If you are buying a lot in a new subdivision, the cost for having any missing survey markers replaced is moderate since the land has recently been surveyed. It is possible to ask the seller to have any missing monuments replaced. The seller may or may not be willing to do so.

In rural areas, most land boundaries are controlled by section monuments. Many counties, though not all, maintain these monuments at public expense. This is a sensible policy, since each monument affects the boundaries of up to 1280 acres of land. But section monuments are at least half a mile apart, and do not mark all the corners of most pieces of rural land. Survey markers other than section monuments are placed and maintained at the expense of private landowners.

(Information provided by the Minnesota Society of Professional Surveyors)

First, try to talk with the surveyor who did the work. Most surveyors are willing to spend some time explaining the property line to a neighbor, although their schedules are often very busy. In establishing a property line, a surveyor is always aware that it has two sides. He or she will make every effort to locate the line in such a way as to respect the rights of neighbors.

If you are unable to contact the surveyor who laid out the line in question, or if you don't understand the explanation you are given, you may need to hire a surveyor of your own to check the line.

Whenever there is a question or dispute about a property line, be sure to mention that to any surveyor you are thinking of hiring. These situations often involve extra work, and it is best to inform the surveyor in the beginning to prevent a misunderstanding about the cost later on. Some surveyors prefer not to work on disputed boundaries at all, partly due to the difficulty of predicting the cost of such work.

(Information provided by the Minnesota Society of Professional Surveyors)

Unfortunately, land surveying is not an exact science. Surveyors work from plats, deeds, and other documents in the courthouse records, and also from monuments and other physical objects which serve as evidence of where the boundary is located. In some areas, the items found in the field may not agree with the records or with each other, or the records themselves may be incomplete, ambiguous, or contradictory. When two surveyors attempt to determine the correct location of the property line in such cases, they may reach different conclusions although both are acting in good faith.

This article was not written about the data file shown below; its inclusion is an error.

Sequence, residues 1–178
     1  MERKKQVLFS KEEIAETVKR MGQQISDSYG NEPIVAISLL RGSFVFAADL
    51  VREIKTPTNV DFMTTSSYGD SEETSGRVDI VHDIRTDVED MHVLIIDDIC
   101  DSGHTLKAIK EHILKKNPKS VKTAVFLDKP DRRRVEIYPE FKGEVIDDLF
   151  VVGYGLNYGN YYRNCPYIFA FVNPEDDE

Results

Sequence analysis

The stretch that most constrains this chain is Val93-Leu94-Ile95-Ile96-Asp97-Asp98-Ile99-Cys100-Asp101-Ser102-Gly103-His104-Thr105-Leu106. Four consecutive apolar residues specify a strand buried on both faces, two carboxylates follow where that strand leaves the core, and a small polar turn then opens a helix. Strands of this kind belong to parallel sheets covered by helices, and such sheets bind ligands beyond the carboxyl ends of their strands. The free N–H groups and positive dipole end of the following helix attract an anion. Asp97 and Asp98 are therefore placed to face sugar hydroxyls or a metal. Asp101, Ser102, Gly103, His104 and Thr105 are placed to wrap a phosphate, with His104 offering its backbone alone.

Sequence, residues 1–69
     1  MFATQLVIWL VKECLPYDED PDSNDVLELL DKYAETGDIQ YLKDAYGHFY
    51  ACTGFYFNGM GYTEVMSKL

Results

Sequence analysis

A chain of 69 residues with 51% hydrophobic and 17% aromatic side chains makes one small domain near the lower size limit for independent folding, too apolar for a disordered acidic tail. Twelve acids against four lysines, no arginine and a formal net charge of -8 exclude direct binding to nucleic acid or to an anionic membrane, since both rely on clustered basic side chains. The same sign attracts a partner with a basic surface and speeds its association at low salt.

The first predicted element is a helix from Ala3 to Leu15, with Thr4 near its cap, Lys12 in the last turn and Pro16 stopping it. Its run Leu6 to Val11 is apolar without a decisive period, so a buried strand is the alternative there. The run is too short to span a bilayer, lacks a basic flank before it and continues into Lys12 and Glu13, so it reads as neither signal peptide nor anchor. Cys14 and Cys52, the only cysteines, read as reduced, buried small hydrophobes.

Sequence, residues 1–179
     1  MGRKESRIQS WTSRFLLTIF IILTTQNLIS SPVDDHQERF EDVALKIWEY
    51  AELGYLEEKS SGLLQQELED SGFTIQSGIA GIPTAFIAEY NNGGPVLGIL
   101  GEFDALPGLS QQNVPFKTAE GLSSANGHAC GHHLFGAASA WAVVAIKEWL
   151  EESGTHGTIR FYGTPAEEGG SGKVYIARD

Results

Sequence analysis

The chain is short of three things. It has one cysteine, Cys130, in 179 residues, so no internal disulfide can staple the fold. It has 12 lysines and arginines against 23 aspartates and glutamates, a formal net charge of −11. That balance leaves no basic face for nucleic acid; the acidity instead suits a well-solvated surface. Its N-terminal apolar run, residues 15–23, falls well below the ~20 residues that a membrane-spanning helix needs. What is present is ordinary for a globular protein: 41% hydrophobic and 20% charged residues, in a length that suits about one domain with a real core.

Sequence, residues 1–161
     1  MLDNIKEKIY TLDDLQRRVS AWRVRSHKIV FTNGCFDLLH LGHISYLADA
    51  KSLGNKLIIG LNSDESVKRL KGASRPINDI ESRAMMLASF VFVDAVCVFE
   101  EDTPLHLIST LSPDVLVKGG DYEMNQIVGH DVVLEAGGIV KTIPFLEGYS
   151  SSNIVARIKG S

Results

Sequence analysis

Boundary problems are fairly frequent in the case of lakeshore property, probably because much of it was originally divided and sold 100 years ago or more. At that time modern laws and regulations were not in place to prevent inadequate surveys and ambiguous legal descriptions.

If you and your neighbor can agree on a compromise location for the property line in question, the problem can be resolved with relatively little trouble and expense. The compromise line should be surveyed and a legal description prepared. An attorney can then draw up a suitable agreement or other document to show that you have agreed on the line. When signed by you and your neighbor, this document can be recorded at the courthouse to prevent future problems.

If you and your neighbor cannot agree, the boundary line can be established by means of a lawsuit. In many cases, however, the cost and time required for a lawsuit may be more than the value of the land involved.

(Information provided by the Minnesota Society of Professional Surveyors)

When an improvement owned by one person is located on land owned by another person, the situation is known as an encroachment. The laws and court decisions on this subject are complex. To understand your legal rights in such a situation, it is best to consult an attorney, preferably one with experience in real-estate matters.

If you are otherwise on good terms with your neighbor, and if the fence is not in your way, it is probably unwise to start a quarrel over the matter. In most cases, the actual value of the land involved is very small. You can ask your attorney about the possibility of creating an easement or license, which can protect your title to the land involved while allowing the fence to remain in place, either temporarily or permanently. With your attorney's advice, you will also need to decide whether it is necessary and appropriate to do this.

(Information provided by the Minnesota Society of Professional Surveyors)